Wednesday, November 28, 2007

Inspired by Bumpers (of fishing and midwives)

It is dangerous to think too much while driving. Especially if you are me. If you are me, you might be inspired to have "deep thoughts" like those ones that used to be popular in the early '90s, I think due to a Saturday Night Live skit.

Fortunately, my deep thoughts are awe-inspiring, and worth sharing. They must be, as they not originally thought by me- they were brought up by bumper-stickers and license plates on cars driving ahead of me. Therefore, other people must have thought them first, and thought them so profound that they *must share them all of the time that their car is in circulation*.

First car had a license plate that read "Let M Go." I have this compulsive need to decode vanity plates. This one seemed obvious at first- I read it as "Let Me Go." But looking closer, I realized that the plate had a frame holder from a catch-and-release group: the plate actually should read "Let 'em Go." Peppered on the Prius' bumper were a few other trout fishing bumper stickers. I had not thought about fishing in a long time. I specifically had not thought about catch and release fishing in an even longer time. The last time I thought about fishing was at an A's game- when the fans chose to watch fishing on the jumbo-tron instead of the other two sporting event choices (I always vote for "grass growing"). Apparently fishing is a sport now, as in a sporting event that people watch on TV. A bunch of guys were in a boat, and they were zooming and then floating around in a lake, trying to catch fish by a certain time. The last time I intentionally didn't think about fishing was when I skipped a John McPhee article in the New Yorker. He writes for them a few times a year, and I always skip his articles (which I rarely do with other articles): they are long and boring, and often revolve around fishing. I read one of his books once- it was also too long, slightly dull, and included fishing. The last time I actually went fishing I believe I was less than a decade old and we were at some resort with a stocked pond. My sister and I caught fish which were then grilled (or something) for us and we ate them for dinner. At least, I did. My sister doesn't eat fish.

Getting back to the point of "catch and release": I have always thought, perhaps erroneously, that people do this because it is nicer for the fish. I'm driving behind this Prius and all of a sudden it hit me like a rock to the head of a trout- why on earth would it be nice for a fish to be caught multiple times? Here I am, little trout (or fish in general, who knows what kind of fish people do this with), swimming along, fooled into eating the bait, when OUCH, it hurts, there's something in my mouth that hurts like Hell, and no matter how hard I fight it, something is pulling me and pulling me, through my face, up and out of the water. So, I'm terrified, fleeing, can't get away, eventually hauled out of the water, where my breathing mechanisms don't work right, and handled by a giant two handed thing. He wrestles the painful thing out of my mouth, or tears it out of my mouth, while I still can't breathe very well, then throws me back into the water (i.e. more handling) so that I get a chance to do it all over again. What is nice about this? If we're going to catch fish, can't we just kill them? Sure, I'm an animal welfare professional, but I'm not an animal rights advocate (yes, they are different) and am not wholesale against the killing of animals. Would I go out and kill an animal for fun? No. But I certainly wouldn't advocate going out and hurting an animal for fun, either.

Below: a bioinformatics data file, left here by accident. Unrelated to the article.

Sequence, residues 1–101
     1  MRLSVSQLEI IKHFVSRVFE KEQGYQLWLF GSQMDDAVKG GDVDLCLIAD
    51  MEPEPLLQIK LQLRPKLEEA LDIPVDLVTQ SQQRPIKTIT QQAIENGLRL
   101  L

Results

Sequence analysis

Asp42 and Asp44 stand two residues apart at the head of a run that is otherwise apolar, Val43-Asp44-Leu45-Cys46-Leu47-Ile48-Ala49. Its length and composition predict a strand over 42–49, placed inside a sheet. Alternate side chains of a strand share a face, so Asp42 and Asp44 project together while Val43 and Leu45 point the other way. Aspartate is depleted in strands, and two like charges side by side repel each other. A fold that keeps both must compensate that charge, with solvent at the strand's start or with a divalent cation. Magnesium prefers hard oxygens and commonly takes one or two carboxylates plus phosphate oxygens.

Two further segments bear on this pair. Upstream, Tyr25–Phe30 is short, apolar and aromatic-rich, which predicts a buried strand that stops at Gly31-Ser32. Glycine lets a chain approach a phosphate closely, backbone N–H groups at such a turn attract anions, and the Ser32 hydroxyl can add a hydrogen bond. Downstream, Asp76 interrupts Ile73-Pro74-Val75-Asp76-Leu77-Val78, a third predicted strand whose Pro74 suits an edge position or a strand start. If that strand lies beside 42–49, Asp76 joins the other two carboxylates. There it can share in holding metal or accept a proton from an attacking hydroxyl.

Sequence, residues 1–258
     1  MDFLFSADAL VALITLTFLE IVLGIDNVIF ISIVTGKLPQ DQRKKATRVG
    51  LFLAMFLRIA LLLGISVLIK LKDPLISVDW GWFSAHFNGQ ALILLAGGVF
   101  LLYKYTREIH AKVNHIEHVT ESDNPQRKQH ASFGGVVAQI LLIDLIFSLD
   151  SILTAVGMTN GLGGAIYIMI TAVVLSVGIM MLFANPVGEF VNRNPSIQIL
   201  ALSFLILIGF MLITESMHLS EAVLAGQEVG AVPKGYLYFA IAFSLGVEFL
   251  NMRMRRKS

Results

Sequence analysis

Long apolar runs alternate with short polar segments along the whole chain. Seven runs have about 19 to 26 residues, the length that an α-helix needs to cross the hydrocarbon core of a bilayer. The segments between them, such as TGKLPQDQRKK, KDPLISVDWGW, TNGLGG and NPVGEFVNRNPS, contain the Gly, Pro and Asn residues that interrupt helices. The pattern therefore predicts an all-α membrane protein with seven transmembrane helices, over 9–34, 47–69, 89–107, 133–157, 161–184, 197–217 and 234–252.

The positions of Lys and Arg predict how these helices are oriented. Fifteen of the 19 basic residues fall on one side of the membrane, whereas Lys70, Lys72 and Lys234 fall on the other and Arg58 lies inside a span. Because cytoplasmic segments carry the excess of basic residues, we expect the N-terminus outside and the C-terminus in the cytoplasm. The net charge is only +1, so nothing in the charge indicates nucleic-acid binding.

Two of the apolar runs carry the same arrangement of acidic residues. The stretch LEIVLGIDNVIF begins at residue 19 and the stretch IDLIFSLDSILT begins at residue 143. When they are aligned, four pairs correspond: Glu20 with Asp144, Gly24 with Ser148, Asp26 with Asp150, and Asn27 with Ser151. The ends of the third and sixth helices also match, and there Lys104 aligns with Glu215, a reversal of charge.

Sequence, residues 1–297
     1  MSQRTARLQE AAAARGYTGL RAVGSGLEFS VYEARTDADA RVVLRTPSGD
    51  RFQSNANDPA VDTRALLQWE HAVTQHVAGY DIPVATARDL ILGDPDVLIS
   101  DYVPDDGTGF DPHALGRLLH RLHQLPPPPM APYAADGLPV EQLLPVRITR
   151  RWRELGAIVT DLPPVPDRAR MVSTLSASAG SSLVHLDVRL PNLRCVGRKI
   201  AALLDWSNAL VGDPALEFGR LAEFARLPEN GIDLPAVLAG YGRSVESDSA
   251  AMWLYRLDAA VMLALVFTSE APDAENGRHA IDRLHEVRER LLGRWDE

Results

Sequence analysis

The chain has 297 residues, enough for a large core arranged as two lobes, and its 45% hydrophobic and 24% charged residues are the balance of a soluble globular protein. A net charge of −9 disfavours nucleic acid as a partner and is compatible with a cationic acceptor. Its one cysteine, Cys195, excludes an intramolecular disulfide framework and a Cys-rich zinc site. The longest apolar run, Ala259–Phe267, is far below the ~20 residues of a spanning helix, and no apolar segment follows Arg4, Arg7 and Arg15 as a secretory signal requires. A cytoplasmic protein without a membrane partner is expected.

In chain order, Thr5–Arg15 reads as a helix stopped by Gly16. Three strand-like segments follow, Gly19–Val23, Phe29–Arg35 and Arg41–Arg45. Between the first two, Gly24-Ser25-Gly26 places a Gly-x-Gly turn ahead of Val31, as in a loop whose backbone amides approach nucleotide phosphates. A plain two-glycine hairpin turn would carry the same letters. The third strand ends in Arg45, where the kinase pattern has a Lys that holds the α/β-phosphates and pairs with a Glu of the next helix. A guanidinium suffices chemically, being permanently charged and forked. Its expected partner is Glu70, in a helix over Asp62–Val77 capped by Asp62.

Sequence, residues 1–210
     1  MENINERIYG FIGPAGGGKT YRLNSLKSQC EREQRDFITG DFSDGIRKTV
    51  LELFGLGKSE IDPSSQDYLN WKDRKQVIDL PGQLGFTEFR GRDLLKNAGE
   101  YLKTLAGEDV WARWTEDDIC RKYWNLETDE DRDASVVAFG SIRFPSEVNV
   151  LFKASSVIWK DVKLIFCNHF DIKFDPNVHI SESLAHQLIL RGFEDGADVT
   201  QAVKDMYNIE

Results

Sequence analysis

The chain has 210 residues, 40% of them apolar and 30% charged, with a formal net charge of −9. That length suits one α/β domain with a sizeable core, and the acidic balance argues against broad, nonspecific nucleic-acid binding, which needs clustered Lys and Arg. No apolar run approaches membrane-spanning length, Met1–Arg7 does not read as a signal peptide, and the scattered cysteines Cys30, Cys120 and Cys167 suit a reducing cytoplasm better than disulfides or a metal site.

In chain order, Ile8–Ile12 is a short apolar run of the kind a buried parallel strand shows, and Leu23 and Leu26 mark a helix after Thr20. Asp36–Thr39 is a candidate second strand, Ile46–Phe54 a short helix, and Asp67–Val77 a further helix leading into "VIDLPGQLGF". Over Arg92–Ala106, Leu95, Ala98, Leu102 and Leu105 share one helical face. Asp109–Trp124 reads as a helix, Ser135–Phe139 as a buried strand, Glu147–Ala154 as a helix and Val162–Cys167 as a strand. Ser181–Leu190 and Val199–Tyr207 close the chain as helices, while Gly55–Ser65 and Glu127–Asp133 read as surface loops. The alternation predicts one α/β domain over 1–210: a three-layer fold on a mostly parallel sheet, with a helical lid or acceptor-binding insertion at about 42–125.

Per wikipedia, catch and release fishing is done with barbless hooks, without exhausting the fish, and potentially even without taking the fish out of water. The technique is practiced to avoid overfishing but still have the "fun" of fishing (I'm not even going there). Further research into catch and release shows that there are specific techniques to minimize stress for the fish. You should use pliers to get the hook out quickly (so add the image of the strange two handed person wielding a strange metal device in your face to the above picture from fishes' point of view). You should keep your hands moisturized.

Bottom line, I didn't invent this debate. I don't have an answer to this debate. Fishermen/women/people know this debate exists. If I were to go fishing (probably not going to happen), I would not catch and release. I would catch and kill. And eat my fish or feed it to a local pit bull, since I actually don't eat fish now (and not because my sister doesn't).

My next deep thought was inspired by a car pasted with bumper stickers about midwives (midwifery?). I couldn't really see into the car, but it was a person with short hair. I just assumed it was a woman, albeit a butch one. This led me to thinking about male midwives. What would they be called? Midhusbands? Is there such a thing? Before I could get home and use the all-knowing Google, I discussed this with aforementioned pregnant friend. She agreed: there may be male midwives, but she would not be seeking one out. No man is looking at my "vjay" she said! I countered, while blushing profusely, that this was not very PC: what if there were men who felt very connected with women, or women who felt more comfortable with men? There are many male OBGYNs, why not male midwives? Well, I am not pregnant, so I deferred to her answer, which was essentially "no way, jose."

But, I can defer no longer, now that I have access to the almighty and allknowing powers of Google. According to "Men Stuff" (try not to laugh) men could not be midwives in the UK until 1977. The first FAQ addresses my very own question:

1. Aren't you called a midhusband?
Answer: I then explain that midwife means "with woman", not "with husband".

The answer, then, is that a male midwife is called just that: a male midwife. And they exist, though barely.